Frequently Asked Questions
Do I need to apply for this course?
No! This course is open the public. You can sign up any time after the course is launched.
What kind of computer do I need?
You need a computer both to access videos/quizzes/assignments on this site and to control your haptic device. Just about any computer with a USB port should suffice. We can provide support for setting up the Arduino software on a Mac or Windows-based PC, but if you want to use Linux you are on your own.
What other materials will I need?
If you are only planning to view the videos and take the quizzes, you will only need an internet-connected computer with web browser software. Acquiring the parts for and building a Hapkit (needed to complete the laboratory component of the course) is much more involved; instructions for building the Hapkit will be posted on the Hapkit website.
Where can I get a Hapkit?
At this time, the Hapkit is not available for purchase as a complete kit. Instead, you will need to purchase and make the components as described on the Hapkit website. (If you are an enterprising person, we welcome you to take the open-source design and make into a product!)
Do I need to buy a textbook?
There is no textbook; we will provide or give you links to any documents that you need to read.
What is the course schedule?
The course is divided into 5 modules, and we suggest that you complete one module per week. In each module, participants will view online lectures, take online quizzes (interspersed with the lectures), and complete a laboratory assignment. Data for each lab assignment will be submitted online.
|Module 1: || ||Introduction to haptic technology and human haptics|
|Module 2: || ||Hapkit mechanical design and assembly|
|Module 3: || ||Hapkit mechatronics|
|Module 4: || ||Programming virtual environments|
|Module 5: || ||Mechanical characterization and simulation|
How will I be graded?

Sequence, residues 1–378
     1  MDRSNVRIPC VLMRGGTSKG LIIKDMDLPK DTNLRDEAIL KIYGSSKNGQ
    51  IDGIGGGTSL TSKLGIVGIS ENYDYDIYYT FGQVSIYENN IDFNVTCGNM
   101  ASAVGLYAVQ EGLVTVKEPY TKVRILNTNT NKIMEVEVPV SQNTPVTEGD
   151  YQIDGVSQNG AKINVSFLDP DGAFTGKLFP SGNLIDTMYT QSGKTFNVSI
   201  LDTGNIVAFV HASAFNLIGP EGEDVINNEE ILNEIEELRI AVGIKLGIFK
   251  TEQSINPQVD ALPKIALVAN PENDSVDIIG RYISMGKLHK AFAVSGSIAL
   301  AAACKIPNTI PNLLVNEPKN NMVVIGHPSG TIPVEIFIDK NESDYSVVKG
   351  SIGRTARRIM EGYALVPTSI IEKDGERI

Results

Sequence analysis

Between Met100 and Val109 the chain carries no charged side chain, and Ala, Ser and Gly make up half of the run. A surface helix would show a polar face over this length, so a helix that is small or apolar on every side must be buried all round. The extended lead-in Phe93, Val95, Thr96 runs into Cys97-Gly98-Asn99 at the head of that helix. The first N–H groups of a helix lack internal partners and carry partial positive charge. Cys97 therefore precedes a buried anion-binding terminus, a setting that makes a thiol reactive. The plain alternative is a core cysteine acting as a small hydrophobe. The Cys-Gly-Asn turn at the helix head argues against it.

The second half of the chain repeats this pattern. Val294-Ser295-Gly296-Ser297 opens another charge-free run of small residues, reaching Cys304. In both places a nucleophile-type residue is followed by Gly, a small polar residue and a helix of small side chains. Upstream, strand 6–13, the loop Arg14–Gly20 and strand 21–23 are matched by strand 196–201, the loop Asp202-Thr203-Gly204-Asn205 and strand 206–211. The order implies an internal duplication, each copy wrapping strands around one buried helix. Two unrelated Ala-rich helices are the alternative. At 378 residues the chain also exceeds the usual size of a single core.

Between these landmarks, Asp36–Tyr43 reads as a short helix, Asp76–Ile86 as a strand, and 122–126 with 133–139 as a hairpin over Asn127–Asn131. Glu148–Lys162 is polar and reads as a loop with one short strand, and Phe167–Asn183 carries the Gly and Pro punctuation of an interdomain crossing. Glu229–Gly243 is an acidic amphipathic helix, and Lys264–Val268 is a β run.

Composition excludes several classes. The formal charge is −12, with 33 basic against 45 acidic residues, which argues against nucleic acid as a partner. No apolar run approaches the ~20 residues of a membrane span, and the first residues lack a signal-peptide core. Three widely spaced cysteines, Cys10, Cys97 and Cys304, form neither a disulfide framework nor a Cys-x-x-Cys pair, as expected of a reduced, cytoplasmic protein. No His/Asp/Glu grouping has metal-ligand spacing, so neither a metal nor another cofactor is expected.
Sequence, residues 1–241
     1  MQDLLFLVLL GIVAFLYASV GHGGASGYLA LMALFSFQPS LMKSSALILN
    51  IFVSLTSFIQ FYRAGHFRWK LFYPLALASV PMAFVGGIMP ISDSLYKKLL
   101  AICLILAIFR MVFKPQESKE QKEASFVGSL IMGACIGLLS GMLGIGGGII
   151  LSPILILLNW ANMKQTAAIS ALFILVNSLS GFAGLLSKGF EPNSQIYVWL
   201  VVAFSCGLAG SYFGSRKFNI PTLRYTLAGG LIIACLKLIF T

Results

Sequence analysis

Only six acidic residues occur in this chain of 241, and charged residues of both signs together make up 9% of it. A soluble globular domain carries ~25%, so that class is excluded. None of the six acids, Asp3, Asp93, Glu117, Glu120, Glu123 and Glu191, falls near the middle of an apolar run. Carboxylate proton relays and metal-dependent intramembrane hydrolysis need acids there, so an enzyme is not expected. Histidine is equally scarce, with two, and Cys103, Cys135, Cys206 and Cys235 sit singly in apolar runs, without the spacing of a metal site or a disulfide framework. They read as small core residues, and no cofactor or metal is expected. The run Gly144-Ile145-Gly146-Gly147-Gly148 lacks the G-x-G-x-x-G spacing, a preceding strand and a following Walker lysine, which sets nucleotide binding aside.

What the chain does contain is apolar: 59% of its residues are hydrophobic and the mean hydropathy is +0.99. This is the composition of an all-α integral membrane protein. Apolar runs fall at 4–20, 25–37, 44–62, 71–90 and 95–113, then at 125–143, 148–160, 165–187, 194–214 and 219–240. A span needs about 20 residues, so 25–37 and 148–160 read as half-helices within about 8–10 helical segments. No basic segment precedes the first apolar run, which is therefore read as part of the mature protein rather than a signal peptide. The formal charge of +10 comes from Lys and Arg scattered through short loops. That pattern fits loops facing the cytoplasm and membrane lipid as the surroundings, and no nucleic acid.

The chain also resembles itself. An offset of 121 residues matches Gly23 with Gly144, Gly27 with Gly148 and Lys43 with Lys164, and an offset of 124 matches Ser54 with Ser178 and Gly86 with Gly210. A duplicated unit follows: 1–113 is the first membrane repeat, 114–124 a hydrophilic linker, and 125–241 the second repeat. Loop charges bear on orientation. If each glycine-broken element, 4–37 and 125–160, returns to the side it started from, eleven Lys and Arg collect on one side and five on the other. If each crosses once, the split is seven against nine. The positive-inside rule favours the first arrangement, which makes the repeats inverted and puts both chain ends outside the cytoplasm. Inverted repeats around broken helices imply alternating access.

The pass/fail grade will be based on your quiz responses and submitted laboratory data. 50% of the grade is based on the quizzes and 50% is based on the laboratory assignments. To receive a "Statement of Accomplishment" for this course (i.e., a passing grade), you must receive a score of at least 50%. This means that you will probably need to do at least some parts of the laboratory component in order to "complete" this haptics course. (The first lab does not use the Hapkit, so it is possible to pass the course without building a Hapkit. This meant to make the course more accessible to people without the necessary resources to make a Hapkit.) Of course, you are welcome to do only the components of the course you are interested in, if the grade doesn't matter to you.
How will I get help?
Questions can be posted to the course discussion board, where your classmates or the instructors can provide responses. You can include pictures, code, video, etc. in your questions post. Allison and/or Melisa will check the discussion board posts on a daily basis during the weekdays, and once each weekend.
After I complete the class, how can I continue my haptics education?
Some links for Haptics education and research websites are provided on the Hapkit Resources webpage. In additon, we encourage other participants to post Haptics education and project materials on the course wiki page (click on "Wiki" once you are in the course).
Hapkit photos © 2013 Megan Chiou.